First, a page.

The O-1 classification is eligible for up to 3 years. The O-1A and O-1B visa holders can bring their assistants to accompany them for specific events or performances as well as their families.
The O-1A and O-1B visas require a strong case to demonstrate that the individual is recognized for extraordinary ability. Typical evidence used to support O-1A petitions include nationally and internationally recognized prices and awards, serving on as judges on respected industry panels, and membership in professional trade associations.
The L-1A and L-1B visas allow a United States company to transfer an executive or manager from a foreign office to one of its office in the United States.
L-1A visas are for executives and managers in the foreign branch. To be eligible, applicants must demonstrate that they are able to make decisions without much oversight (executives) or are supervisors and control the work of other professional employees and manage the organization (manager).
L-1B visas are for employees with specialized knowledge related to the organization’s operations. Specialized knowledge includes expertise about an organization’s:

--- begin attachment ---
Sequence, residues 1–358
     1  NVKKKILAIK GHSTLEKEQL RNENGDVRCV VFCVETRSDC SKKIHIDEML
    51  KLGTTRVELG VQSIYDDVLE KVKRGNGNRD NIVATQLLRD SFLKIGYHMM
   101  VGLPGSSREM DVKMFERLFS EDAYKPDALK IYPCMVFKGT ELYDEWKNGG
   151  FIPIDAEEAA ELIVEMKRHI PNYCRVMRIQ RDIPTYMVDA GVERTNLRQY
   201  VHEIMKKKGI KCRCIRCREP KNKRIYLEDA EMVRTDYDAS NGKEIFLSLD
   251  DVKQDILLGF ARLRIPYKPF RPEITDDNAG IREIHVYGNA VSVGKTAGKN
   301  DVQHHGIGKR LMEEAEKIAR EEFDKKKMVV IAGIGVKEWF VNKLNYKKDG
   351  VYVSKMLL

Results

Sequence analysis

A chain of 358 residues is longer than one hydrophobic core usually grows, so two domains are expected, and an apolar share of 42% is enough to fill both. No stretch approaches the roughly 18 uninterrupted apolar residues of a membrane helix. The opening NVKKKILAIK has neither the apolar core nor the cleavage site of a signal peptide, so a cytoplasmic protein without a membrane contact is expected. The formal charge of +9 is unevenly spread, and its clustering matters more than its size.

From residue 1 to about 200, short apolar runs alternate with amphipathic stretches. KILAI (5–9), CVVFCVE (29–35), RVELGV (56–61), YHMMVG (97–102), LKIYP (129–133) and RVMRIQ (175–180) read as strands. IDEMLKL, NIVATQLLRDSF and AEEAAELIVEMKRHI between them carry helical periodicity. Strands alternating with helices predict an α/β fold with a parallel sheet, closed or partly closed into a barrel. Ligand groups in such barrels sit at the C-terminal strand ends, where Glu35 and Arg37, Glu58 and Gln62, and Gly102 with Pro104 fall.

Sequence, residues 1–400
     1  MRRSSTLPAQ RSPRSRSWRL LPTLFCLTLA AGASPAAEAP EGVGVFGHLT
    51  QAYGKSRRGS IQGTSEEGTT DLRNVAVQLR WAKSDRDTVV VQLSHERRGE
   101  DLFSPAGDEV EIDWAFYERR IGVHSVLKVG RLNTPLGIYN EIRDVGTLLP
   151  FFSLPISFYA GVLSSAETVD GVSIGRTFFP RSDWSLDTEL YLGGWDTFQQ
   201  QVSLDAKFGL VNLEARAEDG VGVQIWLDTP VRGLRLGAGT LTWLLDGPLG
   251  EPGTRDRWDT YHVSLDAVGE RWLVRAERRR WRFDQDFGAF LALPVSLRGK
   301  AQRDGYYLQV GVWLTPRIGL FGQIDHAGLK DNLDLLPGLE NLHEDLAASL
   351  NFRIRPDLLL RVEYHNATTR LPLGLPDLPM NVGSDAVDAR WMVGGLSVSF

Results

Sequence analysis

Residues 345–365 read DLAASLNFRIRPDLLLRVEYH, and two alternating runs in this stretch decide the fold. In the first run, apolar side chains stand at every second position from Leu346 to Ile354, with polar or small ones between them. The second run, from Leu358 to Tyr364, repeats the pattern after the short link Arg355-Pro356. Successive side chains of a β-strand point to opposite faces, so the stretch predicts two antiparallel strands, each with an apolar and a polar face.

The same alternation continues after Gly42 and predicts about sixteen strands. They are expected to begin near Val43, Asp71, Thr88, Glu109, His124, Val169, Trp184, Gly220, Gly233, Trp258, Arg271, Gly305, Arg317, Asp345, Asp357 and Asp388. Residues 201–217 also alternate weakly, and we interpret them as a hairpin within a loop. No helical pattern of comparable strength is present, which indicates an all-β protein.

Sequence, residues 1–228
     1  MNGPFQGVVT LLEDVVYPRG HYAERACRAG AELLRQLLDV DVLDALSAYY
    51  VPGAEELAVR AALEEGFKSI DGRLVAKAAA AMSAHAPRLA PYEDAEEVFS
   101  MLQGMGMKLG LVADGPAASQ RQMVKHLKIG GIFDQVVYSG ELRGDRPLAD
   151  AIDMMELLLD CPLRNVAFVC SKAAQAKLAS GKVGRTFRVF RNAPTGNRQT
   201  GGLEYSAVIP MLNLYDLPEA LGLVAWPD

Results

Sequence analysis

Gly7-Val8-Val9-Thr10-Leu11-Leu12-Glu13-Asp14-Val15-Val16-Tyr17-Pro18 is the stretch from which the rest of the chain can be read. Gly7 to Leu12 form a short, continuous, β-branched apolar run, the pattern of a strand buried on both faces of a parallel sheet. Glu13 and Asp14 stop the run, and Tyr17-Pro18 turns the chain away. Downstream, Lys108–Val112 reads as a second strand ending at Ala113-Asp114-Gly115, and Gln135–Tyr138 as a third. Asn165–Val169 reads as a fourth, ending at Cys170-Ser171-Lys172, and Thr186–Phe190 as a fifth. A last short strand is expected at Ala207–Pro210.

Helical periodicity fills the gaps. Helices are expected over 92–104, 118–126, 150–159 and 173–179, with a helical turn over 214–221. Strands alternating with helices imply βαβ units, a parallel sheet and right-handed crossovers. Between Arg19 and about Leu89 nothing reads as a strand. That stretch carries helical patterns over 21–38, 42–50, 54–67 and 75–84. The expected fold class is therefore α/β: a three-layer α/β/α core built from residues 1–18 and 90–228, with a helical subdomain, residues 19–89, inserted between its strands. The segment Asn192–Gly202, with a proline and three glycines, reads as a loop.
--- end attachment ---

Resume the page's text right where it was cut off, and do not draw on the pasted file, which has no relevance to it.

L-1A and L-1B visas are popular among multinational corporations, particularly management consultancy and IT consultancies. These corporations often prefer the L-1 classification because it does not require a Labor Condition Application (LCA) as the H-1B visa does and there is no numerical cap on number of visas issued annually. Also, multinational corporations often qualify for blanket L-1 visas, allowing them to apply for the transfer of a group of employees rather than filing individual applications.
To be eligible, the applicant must have worked for the foreign branch for at least 1 year within the last 3 years.
L-1A and L-1B visa holders are allowed an initial stay of up to 3 years with the possibility of extension of increments of up to 2 years. The maximum limit of the L-1 visas is 7 years. The family members are allowed to join L-1A and L-1B visa holders in the United States. Spouses of L-1A and L-1B visa holders are eligible to apply for work authorization, allowing them to participate in the local workforce.
Immigration Law Office of Claire Degerin-Ricard specializes in L-1A and L-1B visas for multinational clients. Not only do we file L-1A, L-1B and blanket L-1 petitions, we also help organizations navigate the complexities of merges and acquisitions as well as other restructuring events that inevitably impact visa compliance. We also help clients establish their first office in the United States and navigate the visa process to avoid unauthorized employment liability.